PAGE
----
I have learned (the hard way) that one of the ways the wicked work their evil against the righteous is by setting a trap or snare. Jesus said, “beware of men.” And so we must.

A typical way that the wicked set their traps is to ask their victim to –

  •  come to the office to talk
  • let’s just sit down and talk
  • I need to talk to you very badly
  • No, no, no. We don’t need anyone else to come. Just come yourself so we can talk

Continue reading “Never Go to a Meeting When the Purpose is Unknown to You”

Sin Destroys Relationships — And Sometimes the Destruction is Total

Then Joshua said to Achan, “My son, give glory to the LORD God of Israel and give praise to him. And tell me now what you have done; do not hide it from me.” And Achan answered Joshua, “Truly I have sinned against the LORD God of Israel, and this is what I did…(Joshua 7:19-20)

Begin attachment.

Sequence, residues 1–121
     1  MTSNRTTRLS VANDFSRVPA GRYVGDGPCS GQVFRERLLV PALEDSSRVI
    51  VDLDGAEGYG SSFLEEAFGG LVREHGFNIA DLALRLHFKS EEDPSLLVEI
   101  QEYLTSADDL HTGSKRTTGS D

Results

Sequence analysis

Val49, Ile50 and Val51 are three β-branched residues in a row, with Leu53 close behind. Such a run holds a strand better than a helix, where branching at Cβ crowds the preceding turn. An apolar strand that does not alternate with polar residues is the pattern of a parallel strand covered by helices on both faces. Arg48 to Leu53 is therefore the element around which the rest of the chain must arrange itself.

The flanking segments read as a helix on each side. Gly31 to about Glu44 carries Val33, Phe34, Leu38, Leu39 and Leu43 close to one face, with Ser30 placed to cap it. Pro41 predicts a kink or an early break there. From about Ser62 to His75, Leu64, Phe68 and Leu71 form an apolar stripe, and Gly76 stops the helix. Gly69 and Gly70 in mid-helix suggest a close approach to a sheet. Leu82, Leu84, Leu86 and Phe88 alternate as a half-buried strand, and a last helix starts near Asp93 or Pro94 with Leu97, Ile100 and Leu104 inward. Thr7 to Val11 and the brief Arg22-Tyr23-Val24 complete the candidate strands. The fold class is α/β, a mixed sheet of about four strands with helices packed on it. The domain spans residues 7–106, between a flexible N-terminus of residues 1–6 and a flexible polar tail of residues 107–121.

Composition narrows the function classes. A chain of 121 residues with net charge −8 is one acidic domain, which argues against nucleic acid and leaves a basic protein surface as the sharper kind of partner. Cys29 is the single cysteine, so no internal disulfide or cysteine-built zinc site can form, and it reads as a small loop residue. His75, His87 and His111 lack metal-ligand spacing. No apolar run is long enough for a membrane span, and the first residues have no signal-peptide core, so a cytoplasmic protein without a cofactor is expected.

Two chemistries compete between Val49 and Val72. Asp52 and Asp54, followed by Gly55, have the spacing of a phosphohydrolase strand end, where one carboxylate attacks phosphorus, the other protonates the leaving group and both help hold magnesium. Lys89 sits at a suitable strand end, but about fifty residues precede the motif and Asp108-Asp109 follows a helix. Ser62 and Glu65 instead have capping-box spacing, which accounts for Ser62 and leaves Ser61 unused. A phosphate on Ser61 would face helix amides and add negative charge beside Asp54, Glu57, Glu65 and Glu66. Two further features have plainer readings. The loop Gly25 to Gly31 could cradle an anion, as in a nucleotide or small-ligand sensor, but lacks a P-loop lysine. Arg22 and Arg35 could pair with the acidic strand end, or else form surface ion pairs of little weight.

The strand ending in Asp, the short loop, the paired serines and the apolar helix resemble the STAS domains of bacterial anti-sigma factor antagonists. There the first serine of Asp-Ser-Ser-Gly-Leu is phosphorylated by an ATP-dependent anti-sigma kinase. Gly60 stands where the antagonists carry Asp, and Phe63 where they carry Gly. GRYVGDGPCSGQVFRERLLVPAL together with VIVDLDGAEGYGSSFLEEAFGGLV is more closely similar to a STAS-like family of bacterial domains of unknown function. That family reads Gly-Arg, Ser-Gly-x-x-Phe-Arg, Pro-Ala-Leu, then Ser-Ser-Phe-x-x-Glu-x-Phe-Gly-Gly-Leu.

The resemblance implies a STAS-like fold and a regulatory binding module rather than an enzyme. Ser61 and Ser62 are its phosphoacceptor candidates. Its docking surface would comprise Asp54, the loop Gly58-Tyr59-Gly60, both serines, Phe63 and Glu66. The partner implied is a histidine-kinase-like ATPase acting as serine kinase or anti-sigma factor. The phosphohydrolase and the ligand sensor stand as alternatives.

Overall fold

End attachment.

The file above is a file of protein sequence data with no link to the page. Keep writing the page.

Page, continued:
As many of you know, a major event in my own awakening to the nature and mentality of abuse involved the sexual abuse of a child. This grievous situation was dropped in the lap of our church through the sin of the perpetrator. I could write pages about it, including about how the Lord used that one event to lead us into the ministry of Unholy Charade. At the same time, He was moving in the lives of others – also through having abuse touch their lives – and eventually led all of us together. That is the happy stuff.  I could also write about the grief and damage done to the victim and to our church.